Luckily, there are tools for managing containerized systems that will make these tasks manageable.

Container orchestrators are tools to 'manage, scale, and maintain containerized applications' and the networks they use to communicate. Docker Swarm and Kubernetes are two of the most popular container orchestrators. We chose to use Docker Swarm because it is a part of Docker, which eliminates an extra dependency for our system. It is also simpler to use than Kubernetes while still providing the functionality we need to accomplish all of the to-dos we have set ourselves.

So what exactly is a 'containerized application'? In Swarm terminology, we can think of a containerized application as a stack of coordinated services. A stack file is a special version of the Compose file we used earlier to create the single-instance Backpack. Stack files let us define how we want services to be deployed: how many replicas of a service to run, which networks a service should be a part of, and the name that other services will use to locate it on the network.

Docker provides a Command Line Interface (CLI) to manage containers and swarms. Passing the stack file as an argument to Docker's CLI commands allows us to spin up, tear down, and manage Backpack stacks.

  • ☑ Spin up / tear down backpack stacks

Docker Swarm is designed to manage services running on multiple nodes, which is just what we need to scale our system. A node in Swarm terminology is a machine running Docker that is a member of the swarm. Nodes can be managers or workers.

Empty worker nodes, manager has not yet assigned tasks

When you configure a swarm, you specify its desired state--for each service, how many replicas or running tasks it requires, the ports it exposes, and the networks it belongs to. A task is a containerized process that instantiates a service. It is a manager node's job to maintain the system in the desired state by assigning tasks to worker nodes. Because Swarm figures out how to distribute services across worker nodes, scaling an application is relatively easy. Here we can see one Backpack stack that has been spread out across four worker nodes:

Single Backpack stack assigned across four nodes

If some of our services are deployed on different nodes, as in the diagram above, how will they be able to communicate with each other? Swarm provides us with overlay networks that can span across nodes. Each service is given a unique name so that it can be located by other services in the swarm.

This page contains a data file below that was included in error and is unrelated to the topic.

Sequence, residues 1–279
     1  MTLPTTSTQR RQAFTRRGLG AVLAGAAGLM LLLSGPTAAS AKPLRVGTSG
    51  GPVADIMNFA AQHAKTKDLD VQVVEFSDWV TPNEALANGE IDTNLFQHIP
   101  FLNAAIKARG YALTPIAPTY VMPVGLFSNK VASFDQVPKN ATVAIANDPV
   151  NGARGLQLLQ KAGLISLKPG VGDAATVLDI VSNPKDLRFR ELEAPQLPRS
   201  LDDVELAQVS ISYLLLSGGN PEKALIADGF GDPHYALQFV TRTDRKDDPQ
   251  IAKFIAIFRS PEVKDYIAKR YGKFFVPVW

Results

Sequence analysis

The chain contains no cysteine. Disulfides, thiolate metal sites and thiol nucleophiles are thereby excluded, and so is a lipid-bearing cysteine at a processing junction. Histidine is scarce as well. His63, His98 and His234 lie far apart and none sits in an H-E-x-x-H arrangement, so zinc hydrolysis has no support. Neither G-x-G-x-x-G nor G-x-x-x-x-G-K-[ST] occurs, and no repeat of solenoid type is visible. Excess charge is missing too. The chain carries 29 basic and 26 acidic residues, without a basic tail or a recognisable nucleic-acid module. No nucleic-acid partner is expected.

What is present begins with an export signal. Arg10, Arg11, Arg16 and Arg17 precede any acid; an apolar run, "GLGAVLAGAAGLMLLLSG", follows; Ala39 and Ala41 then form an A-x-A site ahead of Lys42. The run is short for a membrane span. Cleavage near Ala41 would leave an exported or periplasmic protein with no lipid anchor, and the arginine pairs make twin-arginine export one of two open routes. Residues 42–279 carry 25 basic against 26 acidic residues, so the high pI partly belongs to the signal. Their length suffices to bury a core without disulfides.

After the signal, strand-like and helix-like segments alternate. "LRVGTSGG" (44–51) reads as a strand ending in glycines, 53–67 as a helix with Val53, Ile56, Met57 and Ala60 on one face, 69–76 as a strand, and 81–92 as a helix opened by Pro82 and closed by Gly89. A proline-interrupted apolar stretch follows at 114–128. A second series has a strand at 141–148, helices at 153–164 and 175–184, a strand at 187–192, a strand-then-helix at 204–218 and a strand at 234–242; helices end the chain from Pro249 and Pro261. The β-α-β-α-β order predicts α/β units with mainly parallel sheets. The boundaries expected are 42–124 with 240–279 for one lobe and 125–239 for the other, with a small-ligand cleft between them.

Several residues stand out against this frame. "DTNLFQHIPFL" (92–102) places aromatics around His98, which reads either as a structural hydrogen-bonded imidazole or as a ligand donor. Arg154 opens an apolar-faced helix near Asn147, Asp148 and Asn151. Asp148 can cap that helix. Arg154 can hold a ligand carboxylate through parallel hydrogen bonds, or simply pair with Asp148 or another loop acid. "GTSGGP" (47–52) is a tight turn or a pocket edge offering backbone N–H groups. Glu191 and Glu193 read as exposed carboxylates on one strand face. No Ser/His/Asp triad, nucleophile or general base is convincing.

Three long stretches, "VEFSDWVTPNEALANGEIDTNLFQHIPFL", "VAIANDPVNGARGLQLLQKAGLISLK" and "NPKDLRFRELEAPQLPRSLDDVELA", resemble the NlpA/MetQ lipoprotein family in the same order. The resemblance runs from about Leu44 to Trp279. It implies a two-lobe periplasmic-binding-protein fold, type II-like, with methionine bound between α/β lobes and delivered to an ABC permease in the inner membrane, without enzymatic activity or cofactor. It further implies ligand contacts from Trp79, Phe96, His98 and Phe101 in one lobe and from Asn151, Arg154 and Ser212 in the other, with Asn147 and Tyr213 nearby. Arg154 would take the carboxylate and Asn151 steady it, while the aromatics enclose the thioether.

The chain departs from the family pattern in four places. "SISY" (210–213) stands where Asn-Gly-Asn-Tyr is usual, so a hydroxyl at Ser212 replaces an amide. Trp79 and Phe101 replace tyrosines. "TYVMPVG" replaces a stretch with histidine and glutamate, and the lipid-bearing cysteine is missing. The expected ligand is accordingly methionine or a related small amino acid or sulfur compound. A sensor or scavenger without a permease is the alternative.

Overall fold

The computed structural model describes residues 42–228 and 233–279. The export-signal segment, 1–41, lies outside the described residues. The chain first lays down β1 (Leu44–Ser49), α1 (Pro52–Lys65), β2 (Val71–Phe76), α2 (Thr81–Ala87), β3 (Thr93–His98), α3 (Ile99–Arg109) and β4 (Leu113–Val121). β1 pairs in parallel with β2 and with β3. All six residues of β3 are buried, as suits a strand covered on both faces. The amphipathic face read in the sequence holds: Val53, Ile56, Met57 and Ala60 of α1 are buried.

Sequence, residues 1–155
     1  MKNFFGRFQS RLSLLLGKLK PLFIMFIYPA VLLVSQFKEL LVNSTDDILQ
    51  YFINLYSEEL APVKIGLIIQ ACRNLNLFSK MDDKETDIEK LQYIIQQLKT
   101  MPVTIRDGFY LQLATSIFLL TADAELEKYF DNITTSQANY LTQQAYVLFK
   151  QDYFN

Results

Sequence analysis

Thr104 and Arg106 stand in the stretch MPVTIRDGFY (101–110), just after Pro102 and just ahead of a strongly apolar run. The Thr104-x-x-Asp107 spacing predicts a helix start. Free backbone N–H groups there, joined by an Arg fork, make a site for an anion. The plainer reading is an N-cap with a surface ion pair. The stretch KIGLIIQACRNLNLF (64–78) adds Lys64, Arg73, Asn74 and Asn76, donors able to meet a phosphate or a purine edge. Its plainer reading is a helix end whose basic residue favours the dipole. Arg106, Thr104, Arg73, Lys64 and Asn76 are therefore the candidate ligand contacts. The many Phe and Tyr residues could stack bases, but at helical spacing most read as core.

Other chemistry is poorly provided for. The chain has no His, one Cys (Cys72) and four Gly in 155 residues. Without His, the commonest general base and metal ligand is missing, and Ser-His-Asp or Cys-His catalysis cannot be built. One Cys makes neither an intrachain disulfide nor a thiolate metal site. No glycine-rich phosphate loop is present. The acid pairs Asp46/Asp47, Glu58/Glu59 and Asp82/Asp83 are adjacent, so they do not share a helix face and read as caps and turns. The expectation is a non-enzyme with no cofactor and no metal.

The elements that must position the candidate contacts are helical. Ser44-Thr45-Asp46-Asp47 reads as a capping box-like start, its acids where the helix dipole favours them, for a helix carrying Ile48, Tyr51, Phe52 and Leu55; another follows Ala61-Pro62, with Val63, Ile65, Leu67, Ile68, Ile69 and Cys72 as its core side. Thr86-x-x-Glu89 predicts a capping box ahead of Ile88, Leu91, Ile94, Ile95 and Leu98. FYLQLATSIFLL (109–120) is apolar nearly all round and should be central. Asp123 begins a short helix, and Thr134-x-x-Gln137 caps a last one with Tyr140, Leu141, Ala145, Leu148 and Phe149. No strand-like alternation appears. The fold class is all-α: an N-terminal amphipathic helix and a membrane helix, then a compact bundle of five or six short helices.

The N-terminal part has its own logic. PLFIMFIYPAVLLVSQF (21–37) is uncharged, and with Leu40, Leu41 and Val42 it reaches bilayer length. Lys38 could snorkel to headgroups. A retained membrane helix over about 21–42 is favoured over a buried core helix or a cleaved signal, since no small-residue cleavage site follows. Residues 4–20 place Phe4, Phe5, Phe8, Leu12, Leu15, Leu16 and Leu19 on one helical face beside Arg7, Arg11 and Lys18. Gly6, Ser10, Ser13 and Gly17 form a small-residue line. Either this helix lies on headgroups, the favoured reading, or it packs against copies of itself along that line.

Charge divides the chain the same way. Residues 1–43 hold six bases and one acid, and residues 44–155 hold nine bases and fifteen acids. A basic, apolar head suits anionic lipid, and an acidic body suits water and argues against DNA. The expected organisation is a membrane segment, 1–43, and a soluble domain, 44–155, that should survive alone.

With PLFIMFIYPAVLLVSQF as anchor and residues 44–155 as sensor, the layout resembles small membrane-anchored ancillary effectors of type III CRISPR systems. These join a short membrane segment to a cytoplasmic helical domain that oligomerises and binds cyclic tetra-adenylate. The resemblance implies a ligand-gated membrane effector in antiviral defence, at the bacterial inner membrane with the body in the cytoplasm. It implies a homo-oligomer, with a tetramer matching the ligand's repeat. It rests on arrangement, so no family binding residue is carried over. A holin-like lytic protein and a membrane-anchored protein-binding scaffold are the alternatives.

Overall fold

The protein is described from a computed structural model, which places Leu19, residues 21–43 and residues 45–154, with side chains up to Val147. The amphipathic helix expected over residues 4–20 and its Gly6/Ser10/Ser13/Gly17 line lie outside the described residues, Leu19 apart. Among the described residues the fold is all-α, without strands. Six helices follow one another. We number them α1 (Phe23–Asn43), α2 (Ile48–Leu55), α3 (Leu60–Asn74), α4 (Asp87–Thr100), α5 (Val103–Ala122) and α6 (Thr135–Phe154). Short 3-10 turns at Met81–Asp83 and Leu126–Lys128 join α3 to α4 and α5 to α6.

Two Backpack stacks assigned across nodes

As we add more Backpacks to our system, Swarm will continue figuring out how to deploy each Backpack's services across the nodes and take care of the networking within Backpack stacks using overlay networks.

Five Backpack stacks assigned across full nodes

By choosing the right tool, Docker Swarm, we can check off our next two to dos.

  • ☑ Spin up / tear down backpack stacks across servers
  • ☑ Manage communication within stacks across servers

We now have multiple Backpacks living on multiple nodes, with overlay networks for handling communication between their services.


Our next task is to route requests from outside the swarm to the correct Backpack. While we can use overlay networks for intra-swarm communication, we have not yet solved the problem of how to handle routing for requests from outside the system. Swarm provides something called an ingress routing mesh to route requests from outside the swarm to the appropriate service within the swarm. When a service within the swarm publishes a port, that port gets published through the routing mesh so that any node that receives that request can pass it off to the Swarm to handle appropriately.

This works well for a situation in which each service exposes a port with a unique number, as would be the case, for example, with a single-instance Backpack deployment. If we specify that our Express API should listen for requests on port 3000, and our Nginx server should listen on port 3001, the ingress routing mesh will ensure that requests to those ports on any node are forwarded to the appropriate service.

Swarm's ingress routing mesh routing requests to a single Backpack stack

However, once we have multiple Backpack instances, routing becomes more complicated. The ports each container should expose are specified in the Stack file that we use to spin up each Backpack instance. But because each instance is configured by the same stack file, all Backpacks would expose the same port number. Two services can't expose the same port through the ingress routing mesh: it would have no way to distinguish which service a particular request should be routed to. So how can we have all Backpack instances run on the same system and listen for requests if they all publish the same ports through the routing mesh?

The ingress routing mesh cannot handle port conflicts